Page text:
8 April 2003

Bird threat blow to £13bn airport plan

By Paul Marston, Transport Correspondent

Plans for an airport at Cliffe, north Kent, suffered a critical blow yesterday when a Government report concluded that the site would carry unacceptable risks of aircraft crashing because of bird strikes.

The proposal for a £13 billion four-runway hub at Cliffe has been supported by many local authorities and some environmentalists on the grounds that its remote location would minimise the impact of aircraft noise and pollution.

But a study commissioned by the Department for Transport found that the presence of up to 200,000 birds in the area would create a safety risk more than three times as great as at any existing airport.

Even with "aggressive bird management" in place, the report judged that it was "not possible" to reduce the risk for all species to an acceptable level.

The 11 species thought likely to pose the biggest threat to airliners were the great black-backed gull, greylag goose, redshank, mute swan, cormorant, herring gull, shelduck, wigeon, lapwing, oystercatcher and curlew.

The main danger arises when birds flying in flocks, or even singly, are sucked into engines, causing them to fail. The risk is particularly acute just after take-off, especially for twin-engined aircraft.

Worldwide, there have been three commercial jet crashes caused by bird strikes in the last 15 years.

The most recent incident in Britain involved an RAF Jaguar, which crashed near Dumfries in Scotland three years ago after flying into a flock of birds and losing both engines.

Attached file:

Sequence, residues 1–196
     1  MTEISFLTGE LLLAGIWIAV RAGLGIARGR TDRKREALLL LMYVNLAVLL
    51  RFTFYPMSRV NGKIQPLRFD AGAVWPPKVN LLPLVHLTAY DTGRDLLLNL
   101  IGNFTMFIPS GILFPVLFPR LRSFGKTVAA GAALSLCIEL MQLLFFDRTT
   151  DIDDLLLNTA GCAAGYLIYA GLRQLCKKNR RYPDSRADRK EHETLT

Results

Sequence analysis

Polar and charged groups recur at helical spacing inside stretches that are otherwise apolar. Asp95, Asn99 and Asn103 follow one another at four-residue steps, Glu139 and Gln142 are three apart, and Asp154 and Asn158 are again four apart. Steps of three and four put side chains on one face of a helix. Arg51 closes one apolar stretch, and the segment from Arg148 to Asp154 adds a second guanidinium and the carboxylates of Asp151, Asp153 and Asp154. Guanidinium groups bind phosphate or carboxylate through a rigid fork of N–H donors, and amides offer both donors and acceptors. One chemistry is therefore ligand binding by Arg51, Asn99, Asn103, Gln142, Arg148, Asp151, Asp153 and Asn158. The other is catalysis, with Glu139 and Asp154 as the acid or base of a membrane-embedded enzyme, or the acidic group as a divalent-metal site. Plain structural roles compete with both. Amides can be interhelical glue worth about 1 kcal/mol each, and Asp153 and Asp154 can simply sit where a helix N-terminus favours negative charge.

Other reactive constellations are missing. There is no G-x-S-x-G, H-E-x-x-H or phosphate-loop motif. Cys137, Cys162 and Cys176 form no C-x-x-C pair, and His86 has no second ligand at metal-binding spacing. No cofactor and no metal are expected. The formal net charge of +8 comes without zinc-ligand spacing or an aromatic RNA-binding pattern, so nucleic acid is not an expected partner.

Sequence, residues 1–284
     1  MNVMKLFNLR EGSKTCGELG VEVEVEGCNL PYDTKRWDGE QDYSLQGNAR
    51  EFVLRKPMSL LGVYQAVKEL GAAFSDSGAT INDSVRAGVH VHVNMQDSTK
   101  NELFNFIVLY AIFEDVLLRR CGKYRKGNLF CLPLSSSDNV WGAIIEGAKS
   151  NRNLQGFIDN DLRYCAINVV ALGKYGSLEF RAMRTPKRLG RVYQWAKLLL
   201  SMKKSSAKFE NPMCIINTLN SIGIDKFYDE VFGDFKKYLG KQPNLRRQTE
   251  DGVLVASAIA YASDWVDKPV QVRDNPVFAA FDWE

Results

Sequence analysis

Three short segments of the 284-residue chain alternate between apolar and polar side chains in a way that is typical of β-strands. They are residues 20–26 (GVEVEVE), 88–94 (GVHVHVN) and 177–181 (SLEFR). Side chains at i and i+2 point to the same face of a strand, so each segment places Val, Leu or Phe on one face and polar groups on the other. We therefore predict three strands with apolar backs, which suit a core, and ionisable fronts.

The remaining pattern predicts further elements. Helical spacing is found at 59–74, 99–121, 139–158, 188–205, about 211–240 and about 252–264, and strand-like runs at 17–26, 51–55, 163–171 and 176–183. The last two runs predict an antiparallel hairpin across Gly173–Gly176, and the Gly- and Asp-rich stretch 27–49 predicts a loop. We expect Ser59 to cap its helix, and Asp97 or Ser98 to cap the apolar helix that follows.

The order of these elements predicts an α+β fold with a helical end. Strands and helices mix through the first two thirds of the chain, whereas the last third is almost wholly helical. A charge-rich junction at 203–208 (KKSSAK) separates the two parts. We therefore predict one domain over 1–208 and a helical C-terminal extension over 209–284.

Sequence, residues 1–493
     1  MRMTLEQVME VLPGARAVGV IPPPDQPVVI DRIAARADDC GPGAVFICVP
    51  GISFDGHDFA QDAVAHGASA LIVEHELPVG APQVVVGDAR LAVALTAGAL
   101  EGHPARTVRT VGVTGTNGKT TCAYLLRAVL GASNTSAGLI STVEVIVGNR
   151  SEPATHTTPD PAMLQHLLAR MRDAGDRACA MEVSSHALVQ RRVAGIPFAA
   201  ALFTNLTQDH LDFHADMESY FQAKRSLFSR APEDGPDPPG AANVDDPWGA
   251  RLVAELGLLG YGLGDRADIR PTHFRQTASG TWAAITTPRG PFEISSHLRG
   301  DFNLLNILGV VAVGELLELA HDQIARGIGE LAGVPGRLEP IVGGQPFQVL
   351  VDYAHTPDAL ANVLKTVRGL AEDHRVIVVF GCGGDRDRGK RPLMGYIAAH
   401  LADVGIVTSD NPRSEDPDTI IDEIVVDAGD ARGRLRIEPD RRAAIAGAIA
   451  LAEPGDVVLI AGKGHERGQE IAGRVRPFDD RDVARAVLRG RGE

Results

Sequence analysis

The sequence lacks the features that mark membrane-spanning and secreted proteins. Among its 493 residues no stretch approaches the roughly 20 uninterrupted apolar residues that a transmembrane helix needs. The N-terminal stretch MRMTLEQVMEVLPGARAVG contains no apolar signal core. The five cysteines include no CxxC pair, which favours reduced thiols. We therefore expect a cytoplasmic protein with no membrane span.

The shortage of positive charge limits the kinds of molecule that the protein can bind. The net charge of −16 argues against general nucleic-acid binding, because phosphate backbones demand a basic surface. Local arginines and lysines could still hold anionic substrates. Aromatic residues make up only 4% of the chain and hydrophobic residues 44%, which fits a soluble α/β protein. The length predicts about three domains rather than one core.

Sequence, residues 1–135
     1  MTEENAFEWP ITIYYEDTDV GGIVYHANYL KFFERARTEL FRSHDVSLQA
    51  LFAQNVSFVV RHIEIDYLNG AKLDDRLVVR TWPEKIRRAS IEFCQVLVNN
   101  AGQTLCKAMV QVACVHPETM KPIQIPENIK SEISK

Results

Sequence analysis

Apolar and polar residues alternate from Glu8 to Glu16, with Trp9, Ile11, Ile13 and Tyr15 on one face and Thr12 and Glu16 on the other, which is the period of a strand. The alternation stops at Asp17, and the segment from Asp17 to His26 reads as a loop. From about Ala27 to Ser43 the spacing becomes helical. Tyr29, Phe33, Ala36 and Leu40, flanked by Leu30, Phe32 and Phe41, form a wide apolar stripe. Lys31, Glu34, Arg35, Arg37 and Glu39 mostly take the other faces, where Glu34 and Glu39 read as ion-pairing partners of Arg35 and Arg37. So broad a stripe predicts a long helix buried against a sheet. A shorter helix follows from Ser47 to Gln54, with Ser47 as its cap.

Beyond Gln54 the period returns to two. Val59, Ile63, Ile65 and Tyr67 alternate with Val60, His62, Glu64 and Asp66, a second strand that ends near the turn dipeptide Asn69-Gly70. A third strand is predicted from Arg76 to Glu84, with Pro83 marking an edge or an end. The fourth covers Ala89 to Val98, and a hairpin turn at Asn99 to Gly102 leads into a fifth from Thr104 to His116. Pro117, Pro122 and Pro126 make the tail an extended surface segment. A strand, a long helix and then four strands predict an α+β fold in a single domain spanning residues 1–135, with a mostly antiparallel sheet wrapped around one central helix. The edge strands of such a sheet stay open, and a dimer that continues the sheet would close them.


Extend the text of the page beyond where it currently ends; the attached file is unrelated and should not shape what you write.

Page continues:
The department's study calculated that between three and nine "damaging" bird strikes would occur at Cliffe every year. Incidents would cause the total loss of one aircraft about every 200 years, compared with an average of 650 years at 10 of Britain's busiest existing airports.

The Royal Society for the Protection of Birds said the report supported its view that the Cliffe project was a "non-starter".

Mark Avery, conservation director, said: "To build a four-runway airport in the middle of thousands of migrating birds would be sheer folly. The Government would face an impossible task trying to stop so many species that have been coming here for thousands of years."

Alistair Darling, Transport Secretary, said the research was "clearly important", and would be carefully considered.

Transport Department officials said the Cliffe option could not be ruled out at this stage because the consultation process continues until June. The consultation also proposes alternative plans for extra runways at Heathrow, Gatwick and Stansted.

A White Paper containing decisions on new runways is due before the end of the year.